Marlins outbreak sobering, scary for NFL teams on eve of camp

Dressed in Miami blue and black, the Ghost of Coronavirus Yet to Come showed the NFL the worst-case scenario.

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NFL training camp begins Tuesday for veterans.

NFL training camp begins Tuesday for veterans.

Kena Krutsinger/Getty Images

On the eve of training camp, the NFL was visited Monday by its worst nightmare. Dressed in Marlins blue and black, the Ghost of Coronavirus Yet to Come showed the worst-case scenario: a season on the brink of cancellation before it really gets started.

At least 17 Marlins players and coaches have tested positive for the coronavirus, according to national reports. It’s a full-blown outbreak, after only three games.

Major League Baseball postponed the Marlins’ games Monday and Tuesday against the Orioles. The Phillies-Yankees games Monday and Tuesday also were called off because the Phillies had hosted the Marlins for three games. Baseball will be play-the-Lotto lucky if that’s the only damage done. A growing crisis would lead to the cancellation of the season.

Even in the best of circumstances, the virus presents a new reality that baseball must cope with every day. White Sox manager Rick Renteria woke up with a cough and nasal congestion Monday, went to a Cleveland hospital for tests and, out of caution, stayed away from the ballpark. He tested negative for COVID-19 and is expected to be back with the team Tuesday.

Whether the Marlins’ outbreak becomes an inflection point, it’s a sobering reminder for the NFL — the only league to forge full steam ahead in the face of the virus. It should give NFL players pause, too.

Tuesday marks the official start of training camp. In any other year, the Bears’ biggest concern would be their quarterback battle, or a kicking derby, or whether Tarik Cohen speeding into camp in a race car portended confidence or cockiness.

This year, the biggest story will be whether players can emerge healthy enough to try to make the regular season work. (Defensive lineman Eddie Goldman decided not to risk it, choosing to opt out of the 2020 season.)

The details beyond that — Can the NFL shorten the season if there’s an outbreak? Would it postpone the Super Bowl in order to play all 16 games? What happens if an entire offensive line tests positive two hours before kickoff? — are only hypotheticals without a disaster-free preseason.

Across sports, preseason bubble environments seem to be working. The NHL said Monday that between July 18 and 25, more than 800 players were given a total of 4,256 coronavirus tests. There were zero positives. From July 13 to 20, zero NBA players holed up at its Disney World campus in Florida tested positive.

But unless NFL commissioner Roger Goodell wants to annex New Zealand in the next 24 hours, the NFL won’t have the luxury of isolating itself the way those other two leagues have. Rather, the NFL will have to do what MLB attempted: contain the virus while still letting players go home — and to grocery stores, gas stations and, short of league-mandated stay-aways, anywhere else.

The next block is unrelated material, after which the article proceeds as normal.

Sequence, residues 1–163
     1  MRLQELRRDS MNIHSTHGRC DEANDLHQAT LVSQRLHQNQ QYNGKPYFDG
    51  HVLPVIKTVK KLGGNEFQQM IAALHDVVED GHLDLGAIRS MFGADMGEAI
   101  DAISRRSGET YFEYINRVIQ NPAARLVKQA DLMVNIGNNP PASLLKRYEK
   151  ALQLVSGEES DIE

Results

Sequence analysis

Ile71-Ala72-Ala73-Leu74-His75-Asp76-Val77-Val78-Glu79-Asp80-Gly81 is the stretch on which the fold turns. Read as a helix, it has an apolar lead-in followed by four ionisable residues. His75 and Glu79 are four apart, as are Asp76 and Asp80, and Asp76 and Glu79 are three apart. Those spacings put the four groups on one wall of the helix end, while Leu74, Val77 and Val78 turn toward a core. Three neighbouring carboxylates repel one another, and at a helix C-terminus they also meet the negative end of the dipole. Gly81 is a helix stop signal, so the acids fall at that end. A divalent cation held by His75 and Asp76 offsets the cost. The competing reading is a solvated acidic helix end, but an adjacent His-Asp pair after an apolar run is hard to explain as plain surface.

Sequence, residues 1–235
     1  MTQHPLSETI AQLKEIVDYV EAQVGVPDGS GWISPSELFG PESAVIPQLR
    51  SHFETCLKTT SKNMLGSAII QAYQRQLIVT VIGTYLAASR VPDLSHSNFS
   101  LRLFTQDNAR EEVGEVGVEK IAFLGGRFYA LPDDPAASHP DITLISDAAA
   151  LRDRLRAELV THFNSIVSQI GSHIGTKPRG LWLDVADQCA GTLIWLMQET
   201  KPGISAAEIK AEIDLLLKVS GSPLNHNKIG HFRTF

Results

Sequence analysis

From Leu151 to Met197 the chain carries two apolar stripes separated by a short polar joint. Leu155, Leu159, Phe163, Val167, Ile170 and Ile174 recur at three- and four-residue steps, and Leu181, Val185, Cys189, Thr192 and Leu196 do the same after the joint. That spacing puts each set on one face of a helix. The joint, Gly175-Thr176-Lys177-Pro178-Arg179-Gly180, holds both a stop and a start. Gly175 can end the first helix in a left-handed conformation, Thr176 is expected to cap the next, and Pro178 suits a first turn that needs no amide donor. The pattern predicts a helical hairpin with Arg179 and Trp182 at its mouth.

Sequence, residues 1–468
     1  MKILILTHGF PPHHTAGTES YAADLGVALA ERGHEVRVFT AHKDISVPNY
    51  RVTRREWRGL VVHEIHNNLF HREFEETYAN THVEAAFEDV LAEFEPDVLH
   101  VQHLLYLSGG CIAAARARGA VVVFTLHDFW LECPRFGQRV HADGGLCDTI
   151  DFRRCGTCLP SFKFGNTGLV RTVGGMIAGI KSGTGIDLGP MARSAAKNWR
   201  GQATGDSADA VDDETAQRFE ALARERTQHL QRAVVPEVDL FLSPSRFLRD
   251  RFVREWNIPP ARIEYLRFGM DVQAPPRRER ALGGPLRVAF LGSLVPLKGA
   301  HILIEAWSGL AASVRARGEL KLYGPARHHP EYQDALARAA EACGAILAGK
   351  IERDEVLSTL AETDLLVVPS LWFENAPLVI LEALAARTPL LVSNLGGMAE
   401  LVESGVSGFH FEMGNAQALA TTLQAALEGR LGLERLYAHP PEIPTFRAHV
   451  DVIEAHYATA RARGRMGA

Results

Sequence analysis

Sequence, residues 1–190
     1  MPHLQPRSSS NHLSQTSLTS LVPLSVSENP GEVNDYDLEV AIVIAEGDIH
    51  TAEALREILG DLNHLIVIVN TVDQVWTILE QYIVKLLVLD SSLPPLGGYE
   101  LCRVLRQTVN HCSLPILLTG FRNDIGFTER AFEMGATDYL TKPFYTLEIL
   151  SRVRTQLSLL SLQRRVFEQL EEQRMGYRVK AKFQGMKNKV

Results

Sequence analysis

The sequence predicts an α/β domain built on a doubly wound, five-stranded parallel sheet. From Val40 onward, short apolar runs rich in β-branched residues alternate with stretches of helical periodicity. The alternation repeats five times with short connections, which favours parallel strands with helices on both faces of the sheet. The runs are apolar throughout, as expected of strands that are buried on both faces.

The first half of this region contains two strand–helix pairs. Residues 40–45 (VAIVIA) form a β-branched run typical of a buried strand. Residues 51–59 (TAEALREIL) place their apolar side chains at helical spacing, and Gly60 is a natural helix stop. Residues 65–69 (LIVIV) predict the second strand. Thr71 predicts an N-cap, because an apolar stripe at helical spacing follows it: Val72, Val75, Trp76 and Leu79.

Baseball showed that staying healthy in your own facility is the easy part; only nine players tested positive in the two weeks leading into Monday. But even that’s not foolproof. On Monday, the Vikings said head trainer and infection control officer Eric Sugarman, the man in charge of the team’s coronavirus prevention program, tested positive.

Later in the day, NFL teams put a total of 18 players on the new reserve/COVID-19 list, set aside for those infected or quarantining after being in contact with someone sick. Among them was Bears running back Artavis Pierce, an undrafted free agent who led Oregon State with 873 rushing yards last year. Bears rookies began intake testing last week. The Vikings put four players, including first-round pick Justin Jefferson, on the list.

Also Monday, the NFL Players Association approved the Bears’ infectious disease emergency plan, which sets forth team protocols for handling an outbreak. Starting Tuesday Bears veterans will begin taking a series of coronavirus tests as a condition of being allowed inside team facilities. In the interim, they will be able to attend virtual team meetings, including a mandatory coronavirus meeting. Eventually, players will begin strength and conditioning work and build up to mid-August practices.

Once practice begins, it will offer its own unique problems. The first is sheer numbers. NFL rosters will be down to 80 players each — or 20 more than the largest baseball team during summer camp — by mid-August. Until last week, the Bears’ tight ends room alone had more players than a big-league baseball lineup.

The second problem is more alarming: contact. For all the NFL’s quiet confidence in the face of the coronavirus, it still has not properly explained how someone is expected to block, say, Akiem Hicks during practice without worrying about breathing, bleeding, spitting or sweating on him.

Until then, football players are watching to see how — or if — MLB tamps down the outbreak.

“Very curious to see how this is handled,” Bears receiver Allen Robinson tweeted.

The NFL knows the stakes. In an open letter to fans, Goodell said the coronavirus “will continue to present a major challenge to nearly every area of American life — football is no exception.” He said adaptability and flexibility will be needed going forward.

“Now let’s play football,” he wrote.

If only it were that easy.

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